"Obviously making semifinals of a slam is a complete neutralizer," Stephens said. "It's anybody's game. I just have to focus on myself and that's all I can really do."
Venus echoed a similar sentiment. "I have to focus on what's happening on my side of the court and make evaluations out there when I'm out there in terms of strategy and see what's working."
Madison Keys vs. CoCo Vandeweghe (Keys leads 2-0).
Keys and Vandeweghe have gone from never facing off on tour to locking horns three times over the summer. Keys got the better of Vandeweghe in a fantastic display of power tennis in the final of the Bank of the West Classic, and then the two drew each other in the first round of the Western & Southern Open, which Keys won again in straight sets.
Vandeweghe comes into her second Slam semifinal after making her way through the toughest draw of anyone in the final four. She has beaten Alison Riske, Ons Jabeur and then a string of top players in Agnieszka Radwanska, Lucie Safarova, and World No.1 Karolina Pliskova. She has yet to play a bad match, and when her serve has been under pressure she's stood tall, most notably stepping up to save key break points against Pliskova in the quarterfinals. She has now beaten the reigning No.1 en route to both her Slam semifinals.
"I think it depends on me, mostly, because similar to today and the other day against Lucie, Madison is a player that can take control of the points and of the rallies," Vandeweghe said. "I think if I allow her to do that, then she's going to be on the winning side of the coin. Similar to Pliskova today and Lucie the other day. So I think it's definitely going to depend on me and making sure she's not capable of doing that."
Few players can match Vandeweghe's power on the serve and return but one of those players is Keys. The younger American's weight of shot is far heavier than the power players Vandeweghe has played, and Vandeweghe found herself consistently pushed further back in baseline rallies during the Stanford final.
"I'm going to have to serve really well," Keys said. "CoCo has an amazing serve. Defending that constantly, I'm just going to really have to do everything really well. She's obviously playing remarkably. The fact that we're playing three times in a row is interesting. I think I'm just going to have to stay at my highest level and just wait for my opportunities when they come."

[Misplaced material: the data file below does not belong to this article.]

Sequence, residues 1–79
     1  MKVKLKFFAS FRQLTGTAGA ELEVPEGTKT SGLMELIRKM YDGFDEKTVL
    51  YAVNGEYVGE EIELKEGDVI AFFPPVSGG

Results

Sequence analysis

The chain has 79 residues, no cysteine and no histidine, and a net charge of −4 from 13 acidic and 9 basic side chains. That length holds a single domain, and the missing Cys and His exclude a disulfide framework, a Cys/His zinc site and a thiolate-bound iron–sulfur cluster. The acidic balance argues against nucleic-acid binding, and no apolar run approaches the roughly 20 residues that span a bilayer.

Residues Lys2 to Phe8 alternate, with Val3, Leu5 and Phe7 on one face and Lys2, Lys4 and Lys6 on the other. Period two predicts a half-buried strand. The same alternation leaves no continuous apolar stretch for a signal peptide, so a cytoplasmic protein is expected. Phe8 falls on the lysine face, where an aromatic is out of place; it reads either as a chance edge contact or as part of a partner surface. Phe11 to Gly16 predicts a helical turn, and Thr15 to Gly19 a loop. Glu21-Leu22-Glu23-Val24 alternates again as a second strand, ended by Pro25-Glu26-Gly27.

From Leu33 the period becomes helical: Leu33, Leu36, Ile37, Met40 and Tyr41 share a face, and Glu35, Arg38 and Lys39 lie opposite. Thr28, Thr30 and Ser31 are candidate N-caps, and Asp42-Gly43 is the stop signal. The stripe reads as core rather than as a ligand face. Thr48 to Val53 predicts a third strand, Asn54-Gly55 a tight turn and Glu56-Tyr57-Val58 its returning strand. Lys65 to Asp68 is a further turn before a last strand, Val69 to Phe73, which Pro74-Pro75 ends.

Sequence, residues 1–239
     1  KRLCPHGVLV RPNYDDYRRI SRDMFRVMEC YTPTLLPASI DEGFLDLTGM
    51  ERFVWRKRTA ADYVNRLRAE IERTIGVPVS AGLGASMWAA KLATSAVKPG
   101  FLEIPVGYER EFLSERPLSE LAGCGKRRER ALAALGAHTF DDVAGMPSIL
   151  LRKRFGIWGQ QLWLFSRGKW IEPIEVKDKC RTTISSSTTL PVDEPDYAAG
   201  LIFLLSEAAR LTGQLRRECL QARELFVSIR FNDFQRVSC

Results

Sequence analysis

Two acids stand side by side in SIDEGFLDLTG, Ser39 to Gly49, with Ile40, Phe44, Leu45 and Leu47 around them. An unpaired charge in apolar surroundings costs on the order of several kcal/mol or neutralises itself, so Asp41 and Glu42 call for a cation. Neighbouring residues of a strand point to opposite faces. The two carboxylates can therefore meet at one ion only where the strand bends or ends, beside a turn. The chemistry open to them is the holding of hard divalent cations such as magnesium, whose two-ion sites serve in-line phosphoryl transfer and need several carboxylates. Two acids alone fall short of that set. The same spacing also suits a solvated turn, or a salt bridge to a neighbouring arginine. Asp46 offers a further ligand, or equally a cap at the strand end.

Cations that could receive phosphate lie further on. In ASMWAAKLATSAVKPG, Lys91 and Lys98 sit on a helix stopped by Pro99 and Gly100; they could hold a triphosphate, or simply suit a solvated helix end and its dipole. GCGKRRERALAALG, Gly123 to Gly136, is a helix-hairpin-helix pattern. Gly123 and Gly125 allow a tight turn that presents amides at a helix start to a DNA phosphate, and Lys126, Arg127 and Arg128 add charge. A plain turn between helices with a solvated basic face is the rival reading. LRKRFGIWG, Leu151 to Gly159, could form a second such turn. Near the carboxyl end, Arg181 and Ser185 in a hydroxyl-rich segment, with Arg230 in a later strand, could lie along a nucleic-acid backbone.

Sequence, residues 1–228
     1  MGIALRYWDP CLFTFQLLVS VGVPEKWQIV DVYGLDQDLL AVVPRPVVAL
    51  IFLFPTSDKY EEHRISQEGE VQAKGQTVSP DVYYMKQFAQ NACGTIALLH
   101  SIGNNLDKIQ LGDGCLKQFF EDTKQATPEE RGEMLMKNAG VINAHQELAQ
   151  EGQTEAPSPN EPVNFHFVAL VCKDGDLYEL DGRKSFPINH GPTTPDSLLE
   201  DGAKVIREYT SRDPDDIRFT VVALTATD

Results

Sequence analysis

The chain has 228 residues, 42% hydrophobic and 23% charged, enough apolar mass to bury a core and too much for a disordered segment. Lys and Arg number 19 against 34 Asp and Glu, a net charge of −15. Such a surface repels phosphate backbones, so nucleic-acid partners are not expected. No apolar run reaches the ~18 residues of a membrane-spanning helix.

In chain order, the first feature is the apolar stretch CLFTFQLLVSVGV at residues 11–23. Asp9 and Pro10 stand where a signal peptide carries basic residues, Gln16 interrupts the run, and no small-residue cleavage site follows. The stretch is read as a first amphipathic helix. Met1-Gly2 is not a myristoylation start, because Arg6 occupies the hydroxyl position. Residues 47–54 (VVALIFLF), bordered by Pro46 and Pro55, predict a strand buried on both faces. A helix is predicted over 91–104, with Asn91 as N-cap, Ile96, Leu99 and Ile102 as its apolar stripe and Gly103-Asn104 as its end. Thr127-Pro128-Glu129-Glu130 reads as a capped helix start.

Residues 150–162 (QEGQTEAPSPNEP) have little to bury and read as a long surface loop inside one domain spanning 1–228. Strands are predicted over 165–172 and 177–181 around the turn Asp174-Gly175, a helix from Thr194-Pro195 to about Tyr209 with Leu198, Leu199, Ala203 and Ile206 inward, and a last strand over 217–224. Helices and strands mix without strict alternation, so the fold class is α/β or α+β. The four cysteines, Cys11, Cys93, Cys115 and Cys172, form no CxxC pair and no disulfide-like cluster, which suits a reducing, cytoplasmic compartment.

Keys comes into the semifinal having notched a comeback three-set win over the winningest player on tour, No.4 Elina Svitolina in the Round of 16, but her toughest match may have come in the quarterfinals, where she was the heavy favorite to defeat Estonian qualifier Kaia Kanepi. With Venus, Stephens and Vandeweghe already through to the semifinals, Keys was playing with the added pressure of making good on the promise of an All-American semifinal slate.
"I was really nervous," Keys said. "On top of coming back after having a big win the other night, and then all of a sudden being in a match where you're supposed to win, it was a lot. And then being the last American. It was really bad," said with a laugh.
"I texted Lindsay [Davenport] to have a speech ready for when I got here. But then once I warmed up and everything, I felt better. Sitting in the city was starting to make me crazy."
Keys took care of business, beating Kanepi 6-3, 6-3 to advance to her second Slam semifinal. In many ways she is playing with house money, having undergone wrist surgery just two months ago after the French Open.
"Going into this tournament, being in the semifinals wasn't really on my mind, so I'm really happy with getting here and excited to get out there again tomorrow," she said.
"Lindsay even said to me today, she said, If I told you after Paris that you'd be a quarterfinalist at the US Open, would you believe me? I said, There's no way. So having all of the things that were kind of thrown at me this whole year and having some really low moments and - there was a moment where I came off the court, and I said, I don't know if I'm ever going to win a tennis match again.
"There was definitely a lot of dark moments. To have this really feels good and makes me really proud of myself."
Regardless of how the match goes, this is a fierce but friendly rivalry that we will undoubtedly be seeing for many years to come.
"The younger ones were looking at Lindsay [Davenport], Jennifer [Capriati], and Serena and Venus," Vandeweghe said. "I think that still holds. We wanted to be those same players in a later generation."